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30-40 Krag questions

Discussion in 'Firearms Research' started by Bbacharach, Mar 12, 2019.

  1. Bbacharach

    Bbacharach Member

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    Hi all. I have a couple of questions regarding my new old krag. I've posted several pictures for your interest and to aid in your answers. This is my great grandfathers rifle whom I never met. My grandfather (who is still alive) and his father both bought krags at the same time sometime in the 40's. When My great grandfather died, my grandfather sold his fathers rifle to his dear friend and neighbor. Well recently the grapevine informed me that his friend needed a little cash and was selling this rifle. I was not even aware of this story of the rifles until I was informed of it for sale. I didn't even hesitate. I ran over the next day and bought it.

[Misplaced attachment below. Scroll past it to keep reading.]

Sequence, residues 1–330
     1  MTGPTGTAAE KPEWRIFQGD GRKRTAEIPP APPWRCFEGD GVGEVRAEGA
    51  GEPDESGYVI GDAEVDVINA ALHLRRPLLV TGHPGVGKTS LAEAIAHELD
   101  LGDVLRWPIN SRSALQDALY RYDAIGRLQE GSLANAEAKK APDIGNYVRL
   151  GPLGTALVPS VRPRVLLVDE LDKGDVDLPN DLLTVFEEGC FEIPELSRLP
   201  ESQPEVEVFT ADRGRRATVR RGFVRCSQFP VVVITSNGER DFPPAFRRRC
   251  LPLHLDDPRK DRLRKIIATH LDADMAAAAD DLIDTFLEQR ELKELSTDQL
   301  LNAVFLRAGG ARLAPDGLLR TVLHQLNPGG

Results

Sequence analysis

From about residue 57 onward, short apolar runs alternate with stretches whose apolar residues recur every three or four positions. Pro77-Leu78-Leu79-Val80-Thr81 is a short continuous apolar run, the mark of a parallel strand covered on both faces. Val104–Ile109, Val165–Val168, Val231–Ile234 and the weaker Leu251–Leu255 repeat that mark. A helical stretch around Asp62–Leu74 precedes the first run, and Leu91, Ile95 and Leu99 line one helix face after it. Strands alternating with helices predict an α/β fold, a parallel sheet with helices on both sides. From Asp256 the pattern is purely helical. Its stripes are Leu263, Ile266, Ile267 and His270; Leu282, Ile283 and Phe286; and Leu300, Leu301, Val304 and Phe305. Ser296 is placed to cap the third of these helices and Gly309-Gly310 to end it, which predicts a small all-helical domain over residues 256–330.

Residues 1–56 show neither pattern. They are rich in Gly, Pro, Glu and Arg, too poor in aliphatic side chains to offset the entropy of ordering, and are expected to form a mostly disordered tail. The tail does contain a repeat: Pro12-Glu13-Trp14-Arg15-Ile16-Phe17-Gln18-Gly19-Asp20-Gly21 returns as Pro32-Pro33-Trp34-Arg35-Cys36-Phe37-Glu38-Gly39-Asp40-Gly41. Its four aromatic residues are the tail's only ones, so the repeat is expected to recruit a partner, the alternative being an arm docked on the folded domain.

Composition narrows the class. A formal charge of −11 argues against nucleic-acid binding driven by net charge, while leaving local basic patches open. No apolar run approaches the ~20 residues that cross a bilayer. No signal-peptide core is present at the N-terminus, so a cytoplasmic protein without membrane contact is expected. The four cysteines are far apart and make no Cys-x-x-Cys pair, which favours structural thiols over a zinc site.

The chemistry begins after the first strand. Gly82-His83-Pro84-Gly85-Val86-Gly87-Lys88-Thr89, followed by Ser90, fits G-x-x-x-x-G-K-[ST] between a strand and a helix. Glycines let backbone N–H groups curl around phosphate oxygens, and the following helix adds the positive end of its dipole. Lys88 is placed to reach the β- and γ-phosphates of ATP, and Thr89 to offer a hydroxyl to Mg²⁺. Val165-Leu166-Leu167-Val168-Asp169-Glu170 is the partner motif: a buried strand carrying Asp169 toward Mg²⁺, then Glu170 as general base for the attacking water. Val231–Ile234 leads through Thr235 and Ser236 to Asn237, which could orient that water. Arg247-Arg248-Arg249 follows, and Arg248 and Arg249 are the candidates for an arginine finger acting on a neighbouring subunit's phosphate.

So, I took it out shooting, and absolutely love it. I have a large collection of high end rifles, and this might be my favorite among them. However, at 87 yards I was shooting approximately 17" high.
    I have found as much information online as I think I can find. In fact there was a similar concern expressed on this forum that I read through, but my situation is a little more extreme. Maybe I have the wrong front blade? I know bullit ballistics may be a factor. I'm using 180gr vs the original 220gr. My grandfather told me today his rifle doesn't shoot high with 180gr so I don't know.
    My other question is I would like to cast the original bullit 220gr RN, but the closest thing I can find is 210 gr. Would anyone know where I can find a 220 mold? I don't want to get into casting for this rifle though unless I know those bullits will hit what I intend.